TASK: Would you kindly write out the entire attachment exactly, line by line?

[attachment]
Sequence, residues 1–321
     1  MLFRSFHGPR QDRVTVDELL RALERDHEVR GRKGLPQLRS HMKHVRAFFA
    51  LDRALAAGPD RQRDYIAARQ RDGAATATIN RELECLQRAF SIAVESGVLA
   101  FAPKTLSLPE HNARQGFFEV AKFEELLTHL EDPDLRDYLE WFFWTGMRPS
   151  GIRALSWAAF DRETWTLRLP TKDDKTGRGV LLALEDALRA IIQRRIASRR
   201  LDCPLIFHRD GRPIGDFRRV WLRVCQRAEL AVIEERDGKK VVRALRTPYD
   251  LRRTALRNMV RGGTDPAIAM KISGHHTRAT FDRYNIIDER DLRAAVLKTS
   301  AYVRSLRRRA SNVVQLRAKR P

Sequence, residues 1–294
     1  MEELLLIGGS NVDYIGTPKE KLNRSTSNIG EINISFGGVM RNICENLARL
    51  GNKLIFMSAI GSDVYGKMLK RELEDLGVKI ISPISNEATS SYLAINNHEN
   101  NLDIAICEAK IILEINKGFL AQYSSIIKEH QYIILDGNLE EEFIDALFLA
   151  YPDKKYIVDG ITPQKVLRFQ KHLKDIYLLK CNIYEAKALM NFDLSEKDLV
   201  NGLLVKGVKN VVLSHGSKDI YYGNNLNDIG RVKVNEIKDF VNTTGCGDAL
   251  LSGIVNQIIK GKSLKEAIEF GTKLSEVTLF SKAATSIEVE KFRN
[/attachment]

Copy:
Sequence, residues 1–321
     1  MLFRSFHGPR QDRVTVDELL RALERDHEVR GRKGLPQLRS HMKHVRAFFA
    51  LDRALAAGPD RQRDYIAARQ RDGAATATIN RELECLQRAF SIAVESGVLA
   101  FAPKTLSLPE HNARQGFFEV AKFEELLTHL EDPDLRDYLE WFFWTGMRPS
   151  GIRALSWAAF DRETWTLRLP TKDDKTGRGV LLALEDALRA IIQRRIASRR
   201  LDCPLIFHRD GRPIGDFRRV WLRVCQRAEL AVIEERDGKK VVRALRTPYD
   251  LRRTALRNMV RGGTDPAIAM KISGHHTRAT FDRYNIIDER DLRAAVLKTS
   301  AYVRSLRRRA SNVVQLRAKR P

Sequence, residues 1–294
     1  MEELLLIGGS NVDYIGTPKE KLNRSTSNIG EINISFGGVM RNICENLARL
    51  GNKLIFMSAI GSDVYGKMLK RELEDLGVKI ISPISNEATS SYLAINNHEN
   101  NLDIAICEAK IILEINKGFL AQYSSIIKEH QYIILDGNLE EEFIDALFLA
   151  YPDKKYIVDG ITPQKVLRFQ KHLKDIYLLK CNIYEAKALM NFDLSEKDLV
   201  NGLLVKGVKN VVLSHGSKDI YYGNNLNDIG RVKVNEIKDF VNTTGCGDAL
   251  LSGIVNQIIK GKSLKEAIEF GTKLSEVTLF SKAATSIEVE KFRN